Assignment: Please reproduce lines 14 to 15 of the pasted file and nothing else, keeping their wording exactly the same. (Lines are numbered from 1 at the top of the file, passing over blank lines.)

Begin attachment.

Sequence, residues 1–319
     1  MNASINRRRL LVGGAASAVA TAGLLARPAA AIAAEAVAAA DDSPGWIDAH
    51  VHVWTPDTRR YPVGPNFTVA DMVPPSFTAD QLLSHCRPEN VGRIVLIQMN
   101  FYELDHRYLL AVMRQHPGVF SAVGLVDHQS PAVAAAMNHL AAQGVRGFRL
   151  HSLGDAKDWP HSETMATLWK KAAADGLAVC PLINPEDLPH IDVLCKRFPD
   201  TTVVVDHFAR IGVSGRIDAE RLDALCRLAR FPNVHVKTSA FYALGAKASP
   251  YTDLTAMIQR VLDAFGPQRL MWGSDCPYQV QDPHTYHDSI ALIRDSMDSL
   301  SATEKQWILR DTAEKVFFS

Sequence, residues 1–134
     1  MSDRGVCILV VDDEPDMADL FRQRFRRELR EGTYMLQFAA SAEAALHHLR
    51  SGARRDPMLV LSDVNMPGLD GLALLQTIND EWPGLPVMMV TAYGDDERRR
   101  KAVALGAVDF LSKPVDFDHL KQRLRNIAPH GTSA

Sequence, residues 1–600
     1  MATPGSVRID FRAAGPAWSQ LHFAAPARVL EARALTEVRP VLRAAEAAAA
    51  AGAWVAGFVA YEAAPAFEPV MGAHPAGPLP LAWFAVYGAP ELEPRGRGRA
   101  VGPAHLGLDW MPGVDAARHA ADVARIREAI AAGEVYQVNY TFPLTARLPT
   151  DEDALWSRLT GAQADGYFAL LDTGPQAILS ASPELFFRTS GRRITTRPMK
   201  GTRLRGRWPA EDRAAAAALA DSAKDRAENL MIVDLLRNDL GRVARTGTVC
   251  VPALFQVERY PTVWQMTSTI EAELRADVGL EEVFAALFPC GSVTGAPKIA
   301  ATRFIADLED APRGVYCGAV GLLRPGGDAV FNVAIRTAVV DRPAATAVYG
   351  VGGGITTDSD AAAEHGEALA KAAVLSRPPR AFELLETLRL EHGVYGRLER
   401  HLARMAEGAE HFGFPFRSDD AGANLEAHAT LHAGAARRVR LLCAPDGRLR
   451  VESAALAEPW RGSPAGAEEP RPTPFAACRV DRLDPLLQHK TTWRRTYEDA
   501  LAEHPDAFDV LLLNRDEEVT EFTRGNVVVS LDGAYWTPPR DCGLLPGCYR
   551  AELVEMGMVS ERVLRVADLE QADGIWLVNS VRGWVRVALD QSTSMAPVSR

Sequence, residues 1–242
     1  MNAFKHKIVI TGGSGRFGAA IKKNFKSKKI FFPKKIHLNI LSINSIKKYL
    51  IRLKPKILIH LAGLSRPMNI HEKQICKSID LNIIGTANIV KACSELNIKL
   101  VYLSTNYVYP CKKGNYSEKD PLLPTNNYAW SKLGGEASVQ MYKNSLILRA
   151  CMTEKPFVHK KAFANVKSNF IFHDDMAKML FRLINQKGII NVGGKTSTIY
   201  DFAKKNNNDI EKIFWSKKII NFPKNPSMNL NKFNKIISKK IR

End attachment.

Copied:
     1  MATPGSVRID FRAAGPAWSQ LHFAAPARVL EARALTEVRP VLRAAEAAAA
    51  AGAWVAGFVA YEAAPAFEPV MGAHPAGPLP LAWFAVYGAP ELEPRGRGRA